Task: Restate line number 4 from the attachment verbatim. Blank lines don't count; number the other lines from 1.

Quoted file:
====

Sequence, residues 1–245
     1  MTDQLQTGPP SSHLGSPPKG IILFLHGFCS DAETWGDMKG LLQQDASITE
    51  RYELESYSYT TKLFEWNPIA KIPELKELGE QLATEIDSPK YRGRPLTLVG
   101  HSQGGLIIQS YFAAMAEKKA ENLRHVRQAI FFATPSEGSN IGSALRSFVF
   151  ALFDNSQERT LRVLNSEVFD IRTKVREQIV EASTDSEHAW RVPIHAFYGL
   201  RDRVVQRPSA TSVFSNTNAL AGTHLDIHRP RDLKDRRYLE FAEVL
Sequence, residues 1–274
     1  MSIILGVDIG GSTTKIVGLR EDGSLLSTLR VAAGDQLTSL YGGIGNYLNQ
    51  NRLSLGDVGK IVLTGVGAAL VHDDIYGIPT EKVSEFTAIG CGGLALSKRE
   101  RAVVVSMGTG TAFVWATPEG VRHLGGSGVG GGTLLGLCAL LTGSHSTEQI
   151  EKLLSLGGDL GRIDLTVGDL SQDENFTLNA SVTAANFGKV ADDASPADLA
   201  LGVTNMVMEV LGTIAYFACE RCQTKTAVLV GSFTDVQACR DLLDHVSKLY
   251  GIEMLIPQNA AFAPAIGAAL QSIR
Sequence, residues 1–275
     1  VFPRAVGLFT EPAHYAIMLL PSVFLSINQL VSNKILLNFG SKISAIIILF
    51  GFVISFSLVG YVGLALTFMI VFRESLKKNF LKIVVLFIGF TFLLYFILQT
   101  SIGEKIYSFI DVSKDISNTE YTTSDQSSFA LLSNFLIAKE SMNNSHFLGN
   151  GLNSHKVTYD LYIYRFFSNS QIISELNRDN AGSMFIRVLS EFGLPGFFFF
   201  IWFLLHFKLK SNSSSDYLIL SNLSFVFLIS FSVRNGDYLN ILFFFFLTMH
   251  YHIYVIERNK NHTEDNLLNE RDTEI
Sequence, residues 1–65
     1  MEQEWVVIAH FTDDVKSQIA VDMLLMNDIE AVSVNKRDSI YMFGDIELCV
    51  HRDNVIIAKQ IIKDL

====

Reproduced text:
   101  HSQGGLIIQS YFAAMAEKKA ENLRHVRQAI FFATPSEGSN IGSALRSFVF